Yes, we were all entomologists. Before we went out and gathered information about the pollinators, we did one of the steps in the scientific design. We thought about something that was going to help guide our investigations. What did we do? Yes, we formed a question. What was that question?
A girl answers that we wanted to see which kind of bug we would see the most of. Yes, we wanted to see a special kind of bug that helps the flower. What do we call that kind of bug that carries pollen from one flower to another?
Yes, we call it a pollinator.
I write the word pollinator on the board.
Then we looked at the chart and made a prediction. What do scientists call a prediction that is based on events that have happened before?
Great job! We call that a hypothesis.
I write the word hypothesis on the board.
Do scientists just randomly guess what might happen in their investigations?
No, scientists base their hypotheses on information they already know. Just like some of you said that you thought we were going to see more bees because that is what you have observed on the playground. You've seen lots of bees on the playground, so perhaps we would see more bees in the garden. Claire mentioned that she thought we would see more butterflies since that is what she usually sees the most of in her garden. Again, she would be basing her hypothesis on what she has seen in the past which is exactly what scientists do.
Remember, sometimes scientist form a hypothesis, test it out and find out it was wrong. If it is wrong, scientist learn lots of information from that. They might look more closely at reason why it turned out the way it did and then go back and form a new hypothesis and test it all over again.
We wrap up the lesson by reviewing what we have learned.
To check your understanding, I want you to give me a thumbs up or down for the following statements:
Scientists are guided by their questions. (thumbs up)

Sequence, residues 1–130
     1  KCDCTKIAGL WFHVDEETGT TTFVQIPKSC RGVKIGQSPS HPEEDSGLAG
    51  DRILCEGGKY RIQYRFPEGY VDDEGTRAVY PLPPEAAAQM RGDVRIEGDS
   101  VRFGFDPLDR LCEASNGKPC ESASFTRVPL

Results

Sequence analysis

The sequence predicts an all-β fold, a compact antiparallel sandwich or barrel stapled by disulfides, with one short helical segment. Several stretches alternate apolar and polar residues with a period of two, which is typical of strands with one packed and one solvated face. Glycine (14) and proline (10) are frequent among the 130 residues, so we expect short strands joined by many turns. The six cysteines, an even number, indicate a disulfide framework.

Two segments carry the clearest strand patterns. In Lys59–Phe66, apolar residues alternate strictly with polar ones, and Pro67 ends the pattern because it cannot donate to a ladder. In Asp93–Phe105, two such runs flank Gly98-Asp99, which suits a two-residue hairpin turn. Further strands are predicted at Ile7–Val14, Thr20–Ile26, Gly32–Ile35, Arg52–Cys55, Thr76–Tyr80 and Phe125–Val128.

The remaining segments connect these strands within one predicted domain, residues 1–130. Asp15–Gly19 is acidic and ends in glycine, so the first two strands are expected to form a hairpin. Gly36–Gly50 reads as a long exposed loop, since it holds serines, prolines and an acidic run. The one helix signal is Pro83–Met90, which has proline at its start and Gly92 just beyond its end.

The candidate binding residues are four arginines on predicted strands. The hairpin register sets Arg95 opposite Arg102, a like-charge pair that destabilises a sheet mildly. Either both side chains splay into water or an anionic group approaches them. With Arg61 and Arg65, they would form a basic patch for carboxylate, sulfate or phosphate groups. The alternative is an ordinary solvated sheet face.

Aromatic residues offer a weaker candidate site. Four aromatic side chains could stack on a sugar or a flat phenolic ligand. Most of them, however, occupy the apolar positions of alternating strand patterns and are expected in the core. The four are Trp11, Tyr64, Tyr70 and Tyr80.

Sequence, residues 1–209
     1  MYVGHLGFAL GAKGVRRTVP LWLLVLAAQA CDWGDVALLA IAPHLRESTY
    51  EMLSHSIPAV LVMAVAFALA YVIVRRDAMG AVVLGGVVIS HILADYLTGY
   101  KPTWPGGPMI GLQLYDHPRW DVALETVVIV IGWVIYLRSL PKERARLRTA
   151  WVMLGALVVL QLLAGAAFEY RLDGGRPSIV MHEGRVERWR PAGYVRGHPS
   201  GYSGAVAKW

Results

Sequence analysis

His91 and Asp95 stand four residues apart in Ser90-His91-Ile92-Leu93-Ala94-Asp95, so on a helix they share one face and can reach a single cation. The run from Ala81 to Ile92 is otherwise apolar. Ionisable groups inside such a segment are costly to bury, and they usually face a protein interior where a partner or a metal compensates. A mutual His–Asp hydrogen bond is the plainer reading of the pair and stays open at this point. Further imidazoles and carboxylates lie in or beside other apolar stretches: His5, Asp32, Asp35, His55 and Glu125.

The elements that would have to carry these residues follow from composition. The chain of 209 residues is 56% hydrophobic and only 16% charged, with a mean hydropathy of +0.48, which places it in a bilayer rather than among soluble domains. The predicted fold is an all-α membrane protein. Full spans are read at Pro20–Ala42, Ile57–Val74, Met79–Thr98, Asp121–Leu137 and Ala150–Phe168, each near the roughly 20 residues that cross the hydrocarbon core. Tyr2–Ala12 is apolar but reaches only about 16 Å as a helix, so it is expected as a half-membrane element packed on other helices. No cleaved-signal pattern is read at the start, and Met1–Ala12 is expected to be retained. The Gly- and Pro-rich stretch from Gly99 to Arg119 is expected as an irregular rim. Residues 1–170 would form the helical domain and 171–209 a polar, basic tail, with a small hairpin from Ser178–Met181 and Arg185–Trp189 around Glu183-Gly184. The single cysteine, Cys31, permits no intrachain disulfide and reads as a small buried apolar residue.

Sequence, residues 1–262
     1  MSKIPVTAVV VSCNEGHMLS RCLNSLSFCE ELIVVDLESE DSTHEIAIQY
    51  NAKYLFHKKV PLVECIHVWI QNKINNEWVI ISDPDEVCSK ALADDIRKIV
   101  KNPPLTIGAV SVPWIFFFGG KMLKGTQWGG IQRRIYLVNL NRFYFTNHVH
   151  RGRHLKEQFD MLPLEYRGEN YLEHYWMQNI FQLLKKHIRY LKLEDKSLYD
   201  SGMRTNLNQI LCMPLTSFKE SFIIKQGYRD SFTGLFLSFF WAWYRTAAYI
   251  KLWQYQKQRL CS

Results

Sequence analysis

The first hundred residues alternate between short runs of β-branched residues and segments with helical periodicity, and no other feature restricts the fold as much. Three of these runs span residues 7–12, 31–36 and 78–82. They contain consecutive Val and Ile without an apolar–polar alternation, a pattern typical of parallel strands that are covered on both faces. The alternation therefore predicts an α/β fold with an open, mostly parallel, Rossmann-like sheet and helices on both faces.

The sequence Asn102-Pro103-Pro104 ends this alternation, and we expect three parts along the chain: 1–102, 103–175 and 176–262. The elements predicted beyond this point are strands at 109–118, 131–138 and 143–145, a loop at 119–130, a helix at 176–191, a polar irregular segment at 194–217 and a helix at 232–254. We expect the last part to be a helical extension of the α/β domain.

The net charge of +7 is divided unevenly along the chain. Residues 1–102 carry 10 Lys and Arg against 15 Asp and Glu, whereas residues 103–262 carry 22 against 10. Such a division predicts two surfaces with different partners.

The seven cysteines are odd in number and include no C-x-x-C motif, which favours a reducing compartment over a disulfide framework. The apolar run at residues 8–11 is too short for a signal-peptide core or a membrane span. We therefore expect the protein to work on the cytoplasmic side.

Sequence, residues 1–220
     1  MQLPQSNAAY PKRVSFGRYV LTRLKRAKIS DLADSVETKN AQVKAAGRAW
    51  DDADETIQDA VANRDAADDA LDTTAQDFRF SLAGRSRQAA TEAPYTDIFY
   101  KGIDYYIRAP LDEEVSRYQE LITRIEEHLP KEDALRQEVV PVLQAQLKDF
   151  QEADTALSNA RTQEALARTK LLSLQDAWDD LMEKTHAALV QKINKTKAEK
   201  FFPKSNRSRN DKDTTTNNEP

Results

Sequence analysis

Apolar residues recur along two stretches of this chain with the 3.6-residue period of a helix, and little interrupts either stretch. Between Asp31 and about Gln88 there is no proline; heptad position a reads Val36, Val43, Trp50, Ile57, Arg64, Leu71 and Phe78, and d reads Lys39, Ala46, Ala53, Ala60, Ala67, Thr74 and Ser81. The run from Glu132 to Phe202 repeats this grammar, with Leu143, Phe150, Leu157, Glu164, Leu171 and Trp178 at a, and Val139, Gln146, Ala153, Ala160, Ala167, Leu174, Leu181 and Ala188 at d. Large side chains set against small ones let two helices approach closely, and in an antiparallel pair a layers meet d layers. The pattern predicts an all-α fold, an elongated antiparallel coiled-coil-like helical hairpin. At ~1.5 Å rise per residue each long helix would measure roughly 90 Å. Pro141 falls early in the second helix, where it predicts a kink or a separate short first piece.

A hypothesis is the same as the question. (thumbs down)
Scientists randomly guess at what might happen. (thumbs down)
When a hypothesis does not match the results, they just change the results so they can say they were right. (thumbs down)
Scientist learn a lot from an investigation, whether or not their hypotheses were correct. (thumbs up)
Through this easy check for understanding, I can tell whether the group understands the concepts quickly and easily. I am looking not just for the children who were incorrect, but also for the children who had to check what their neighbor was doing before answering themselves. If most of the children seemed to have learned the concepts involved, I BUZZ on to the next lesson.
When evaluating their papers I looked for a few things.
In this first student sample the girl backs up her hypothesis by telling us she sees them a lot and they pollinate so much. Then since her hypothesis was correct, she verifies it with a statement that bees and wasps are very big pollinators. In sample 2 , another girl forms her hypothesis based on the fact she saw a lot of bees today. Then she backs verifies her results by saying there are more bees and wasps in the garden area, so it makes sense but needs a bit more clarification.
The last sample shows a logical reason for thinking there might be more bees and wasps, since they are really busy. The hypothesis was not correct, which is fine, but the statement that there were more flies because they like to bite people did not make sense.
As I stated earlier, the important part of this lesson was not matching the hypotheses with the results, but rather being able to explain the reasons why things might have turned out differently than expected. I make sure to let the children know that loud and clear--the hypotheses DO NOT have to match the results!!!! Every kid seems to think that if they don't, they have done something wrong. That happens everyday to scientists, and they learn so much from it. You can learn as much from them not matching as matching. Science is all about thinking and explaining!